On 1 October, people across the globe will join together at various events to celebrate the 2nd annual International Coffee Day where they can indulge in delectable roasts from all regions.
International Coffee Day is a global celebration of coffee from farm to shop and an opportunity to honour all the players who participate in this value chain worldwide. Twenty-five million small producers rely on coffee for a living worldwide. Coffee is a major export commodity and is year to year in the top 10 of largest agricultural exports by value worldwide. Coffee is a critical commodity for Oikocredit and makes up a significant amount of the total agricultural portfolio. Oikocredit’s current coffee portfolio is valued at nearly US$ 40 million. We have 47 partners that we finance in coffee, mainly in Latin America. Our continual challenge is to develop products that suit the ever-changing needs of our partners in order to ensure their long-term prosperity and assist them in mitigating risks.
The single most significant risk that smallholder coffee farmers face is price risk exposure. Even small variations in coffee prices can have huge consequences for smallholder farmers who mostly rely on income generated from coffee sales to cover their annual basic needs. Farmers who sell fair trade are offered a premium and a minimal price which helps to mitigate some of this risk, but even this minimal price offered pales many times to the amount a farmer could receive if he was better able to hedge his stocks in tandem with daily price fluctuations.
Case studies developed by Fair Trade USA and others demonstrate that cooperatives have been able to increase farmer incomes by over 20% over a one-year period when adequate hedging strategies are put into place. Likewise, farmers in cooperatives have the ability to earn a dividend at the end of the harvest after their cooperative sells its coffee to the exporter/importer. Dividends or “second payments” from the cooperative can be significant, and can range from 5-30% of the total price received per pound of coffee. However, if cooperatives end up with a loss at the end of the harvest, second payments will be reduced or absorbed to cover the organization’s losses, resulting in less income for farming families.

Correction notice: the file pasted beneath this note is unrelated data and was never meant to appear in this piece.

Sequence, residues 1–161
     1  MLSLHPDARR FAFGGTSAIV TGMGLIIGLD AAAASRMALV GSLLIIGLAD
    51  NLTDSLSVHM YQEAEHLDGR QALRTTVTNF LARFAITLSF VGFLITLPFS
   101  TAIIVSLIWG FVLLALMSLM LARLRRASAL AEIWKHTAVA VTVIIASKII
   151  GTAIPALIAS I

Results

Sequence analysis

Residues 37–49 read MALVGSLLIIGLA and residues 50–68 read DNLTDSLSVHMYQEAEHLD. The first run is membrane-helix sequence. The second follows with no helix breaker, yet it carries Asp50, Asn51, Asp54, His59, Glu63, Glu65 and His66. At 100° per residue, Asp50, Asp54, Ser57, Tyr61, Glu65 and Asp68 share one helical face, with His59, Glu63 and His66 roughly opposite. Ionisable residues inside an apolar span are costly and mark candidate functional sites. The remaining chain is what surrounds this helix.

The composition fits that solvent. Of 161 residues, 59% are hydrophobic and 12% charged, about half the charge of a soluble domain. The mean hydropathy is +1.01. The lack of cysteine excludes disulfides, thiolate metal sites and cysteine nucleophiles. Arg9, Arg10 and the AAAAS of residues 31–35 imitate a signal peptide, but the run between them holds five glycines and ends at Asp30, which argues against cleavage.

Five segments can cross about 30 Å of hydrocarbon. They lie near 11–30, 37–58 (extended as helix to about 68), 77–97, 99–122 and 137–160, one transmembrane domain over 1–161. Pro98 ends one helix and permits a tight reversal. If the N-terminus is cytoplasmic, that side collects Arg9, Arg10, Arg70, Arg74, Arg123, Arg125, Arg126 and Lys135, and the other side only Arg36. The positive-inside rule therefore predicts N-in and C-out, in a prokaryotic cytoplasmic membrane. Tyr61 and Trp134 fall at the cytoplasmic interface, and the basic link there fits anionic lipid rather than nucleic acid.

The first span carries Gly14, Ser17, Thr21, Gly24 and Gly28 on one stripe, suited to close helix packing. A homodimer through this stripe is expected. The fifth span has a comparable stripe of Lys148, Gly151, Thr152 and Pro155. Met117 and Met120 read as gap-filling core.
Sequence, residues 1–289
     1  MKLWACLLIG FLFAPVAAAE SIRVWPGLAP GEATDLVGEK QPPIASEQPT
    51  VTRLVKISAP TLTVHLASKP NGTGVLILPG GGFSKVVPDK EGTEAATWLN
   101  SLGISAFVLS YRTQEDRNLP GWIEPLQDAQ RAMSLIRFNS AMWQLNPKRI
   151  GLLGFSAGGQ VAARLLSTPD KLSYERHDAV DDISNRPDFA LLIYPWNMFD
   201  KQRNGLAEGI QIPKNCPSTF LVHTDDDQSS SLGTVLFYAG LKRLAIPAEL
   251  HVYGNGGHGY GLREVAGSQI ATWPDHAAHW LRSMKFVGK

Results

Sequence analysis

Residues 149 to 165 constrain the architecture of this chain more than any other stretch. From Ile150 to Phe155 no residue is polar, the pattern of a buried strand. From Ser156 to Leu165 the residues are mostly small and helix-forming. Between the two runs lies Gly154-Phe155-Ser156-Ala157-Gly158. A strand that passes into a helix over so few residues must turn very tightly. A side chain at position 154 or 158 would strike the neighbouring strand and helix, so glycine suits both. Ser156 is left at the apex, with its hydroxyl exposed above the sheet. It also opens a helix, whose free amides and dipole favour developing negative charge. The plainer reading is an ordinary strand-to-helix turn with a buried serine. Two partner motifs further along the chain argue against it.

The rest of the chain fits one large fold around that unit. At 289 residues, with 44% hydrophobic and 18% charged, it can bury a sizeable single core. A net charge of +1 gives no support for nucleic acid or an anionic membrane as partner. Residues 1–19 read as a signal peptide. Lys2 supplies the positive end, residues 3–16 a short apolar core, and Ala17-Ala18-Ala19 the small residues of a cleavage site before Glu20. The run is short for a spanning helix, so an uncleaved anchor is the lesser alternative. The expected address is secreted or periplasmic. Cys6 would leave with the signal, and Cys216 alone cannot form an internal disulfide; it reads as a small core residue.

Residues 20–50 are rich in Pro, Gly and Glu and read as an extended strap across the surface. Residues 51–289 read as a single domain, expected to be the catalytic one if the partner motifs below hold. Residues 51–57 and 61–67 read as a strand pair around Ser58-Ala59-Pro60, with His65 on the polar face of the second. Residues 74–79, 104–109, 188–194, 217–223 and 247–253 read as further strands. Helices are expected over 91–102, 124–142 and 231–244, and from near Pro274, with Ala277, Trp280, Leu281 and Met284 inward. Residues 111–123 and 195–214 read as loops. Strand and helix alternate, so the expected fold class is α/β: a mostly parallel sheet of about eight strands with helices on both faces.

For these reasons, it is critical that smallholder farmers have an understanding of price risk and that farmer cooperatives have the capacity to directly implement strategies in price risk management. This is why we are currently working with partners on setting up a project to address price risk management, which will improve smallholder incomes across 16 cooperatives in Latin America. Look for more on this project soon, and in the meantime – Happy International Coffee Day!
An excellent piece of work. Without doubt a fair trading principle is probably the only way forward. However without contracts firmly in place and a climate that we cannot rely on... (everything has a relationship).
I'd love to know, your deployment using technology to create 'green havens'. It's there... but how to fund and maintain?
Thank you, Martin
Thanks for your comment. As you know, our core business is finance but in agriculture we understand that finance is only one service that small holders need to ensure increases in income and sustainable production. That’s why we are also fundraising with donors and other entities to implement programs either directly or in partnership to ensure that small holders receive the appropriate mix of financial services, technical assistance, training and technology transfer. We call this blended finance- a mix of lending from us, subsidies from others plus risk sharing in equity/lending with our friendly competitors. One such program is the price risk management project mentioned in the blog. There are others as well in the process including climate smart agriculture. I think probably the green havens you refer to would fall under this category.
All the best, Frank